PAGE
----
Post Author: Bill Pratt
In part 1 of this series, I introduced Mark Isaak’s 2003 article which argued that human designs are not analogous to life, and that an argument to design using the analogical method fails. Mark Isaak listed six attributes of human design that are not found in life, and now we take up attribute number three from his list, which I’ve copied again below.
- Human design includes blueprints, tools, and other evidence of the design process. Life shows no evidence of a design process.
- Human designs display simple organization. Life displays complex organization and intermodular interdependence.
- Human designs are manufactured. Life is characterized by reproduction, growth, and development.
- Human designs are generally repaired from the outside. Life is self-healing, at least in part.
- In human design form follows function. In life, forms follow nested hierarchy.
- In human design, there is rapid change. In life, there is slow change.
Difference number three: Isaak notes that human designs are manufactured in some way, whereas life reproduces, grows, and develops. My first reaction is to ask: Why does reproduction preclude design? And are there not numerous examples of human scientists manufacturing life through cloning processes? What about Craig Venter’s team manufacturing synthetic life forms? Add to this that one of the express purposes of some forms of nanotechnology is self-replication, the very thing that Isaak claims only life can do. This alleged difference between human design and life simply collapses under inspection.
Difference number four: Isaak claims that human designs are repaired from the outside, whereas life is capable of partial self-healing. Again, the distinction falls apart. There are self-healing materials that scientists are developing to prevent cracking in structures; I’m sure other examples of self-healing technologies could be found. Humans consider self-healing to be a property of design that is highly beneficial and are making rapid progress in its development. Why does Isaak assume that human designs are incapable of reaching this goal?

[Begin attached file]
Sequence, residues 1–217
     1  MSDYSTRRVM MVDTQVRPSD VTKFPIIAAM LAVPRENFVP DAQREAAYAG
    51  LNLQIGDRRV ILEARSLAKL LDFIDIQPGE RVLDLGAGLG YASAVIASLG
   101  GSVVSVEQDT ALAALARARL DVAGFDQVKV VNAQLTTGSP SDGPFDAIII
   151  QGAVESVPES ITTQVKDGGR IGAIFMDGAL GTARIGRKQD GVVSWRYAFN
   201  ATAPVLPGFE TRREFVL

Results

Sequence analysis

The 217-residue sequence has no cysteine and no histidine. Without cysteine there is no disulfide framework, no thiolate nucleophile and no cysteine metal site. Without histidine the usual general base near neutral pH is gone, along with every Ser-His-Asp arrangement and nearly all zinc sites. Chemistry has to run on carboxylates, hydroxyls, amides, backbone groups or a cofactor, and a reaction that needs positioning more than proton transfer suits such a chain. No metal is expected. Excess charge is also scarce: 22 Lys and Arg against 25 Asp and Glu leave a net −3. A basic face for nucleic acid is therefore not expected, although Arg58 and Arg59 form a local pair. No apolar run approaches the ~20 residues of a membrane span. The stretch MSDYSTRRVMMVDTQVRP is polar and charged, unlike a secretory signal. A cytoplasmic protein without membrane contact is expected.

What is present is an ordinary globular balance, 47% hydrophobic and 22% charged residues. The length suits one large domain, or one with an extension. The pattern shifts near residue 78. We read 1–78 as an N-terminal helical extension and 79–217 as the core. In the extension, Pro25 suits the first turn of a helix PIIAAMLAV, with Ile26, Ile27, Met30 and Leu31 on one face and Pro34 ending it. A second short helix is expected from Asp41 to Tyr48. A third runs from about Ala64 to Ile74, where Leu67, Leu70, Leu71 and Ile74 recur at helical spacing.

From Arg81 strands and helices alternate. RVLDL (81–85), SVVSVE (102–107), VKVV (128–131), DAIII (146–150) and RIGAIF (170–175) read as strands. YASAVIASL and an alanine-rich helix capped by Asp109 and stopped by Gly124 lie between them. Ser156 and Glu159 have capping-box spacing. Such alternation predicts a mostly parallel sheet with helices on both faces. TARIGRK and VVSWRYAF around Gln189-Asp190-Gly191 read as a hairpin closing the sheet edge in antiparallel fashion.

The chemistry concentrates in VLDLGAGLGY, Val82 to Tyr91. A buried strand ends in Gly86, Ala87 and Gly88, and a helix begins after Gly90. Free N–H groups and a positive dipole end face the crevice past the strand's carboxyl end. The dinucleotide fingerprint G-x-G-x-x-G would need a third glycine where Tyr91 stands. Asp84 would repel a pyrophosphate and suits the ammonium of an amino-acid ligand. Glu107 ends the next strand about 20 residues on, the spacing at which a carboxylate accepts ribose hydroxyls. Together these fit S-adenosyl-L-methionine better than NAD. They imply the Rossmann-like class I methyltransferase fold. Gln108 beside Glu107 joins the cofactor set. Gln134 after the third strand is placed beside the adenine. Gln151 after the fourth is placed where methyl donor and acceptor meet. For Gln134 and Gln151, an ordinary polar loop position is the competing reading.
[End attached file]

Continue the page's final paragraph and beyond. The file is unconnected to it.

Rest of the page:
Difference number five: According to Isaak, in human design form follows function, but in life forms follow nested hierarchy. Isaak argues that a “human hand, a bat’s wing, a mole’s paw, a dog’s paw, and a whale’s flipper all have the same basic bone structure, despite their different functions of grasping, flying, digging, running, and swimming.” In other words, the singular form of the bone is used in different animals to perform many different functions. This idea of a singular form being used for many different functions, he argues, is not seen in human designs.
But that is just not true. Take the field I work in: semiconductors. For any integrated circuit, there are a limited number of forms that are employed (e.g., resistors, capacitors, transistors). These very few forms are put to use in a multitude of different functions: amplifiers, receivers, timers, filters, switches, just to name a few. The whole semiconductor industry is built on the idea that a handful of forms can be used to design millions of different functions. This is identical to what Isaak sees in life, so he has failed to find a true difference between human design and life.
Difference number six: Isaak argues that human designs change rapidly, whereas life changes slowly. I think we can all agree that life has clearly changed over its history. After all, isn’t that the whole point of evolution, a theory which Isaak defends?
According to evolution, modern human designers have only been around for tens of thousands of years. Some of the tools that humans designed in their early history have changed slowly (e.g., knives and wheels), and some of the tools have changed rapidly (e.g., communication technology).
But this is exactly the same case in life. Some animals have changed slowly over their evolutionary history (e.g., sharks), but some have changed rapidly (e.g., primates). Isaak’s argument struggles because slowness and rapidity are relative terms. Rapid compared to what?
I can’t see any way for Isaak to differentiate successfully between human design and life with regard to the rapidity of change unless he merely says that life has been changing for billions of years and human designs have been changing for thousands of years. Yes, that’s a difference, but what of it?
In part 3 of this series, I will draw together some conclusions about Mark Isaak’s argument that life and human design are not analogous.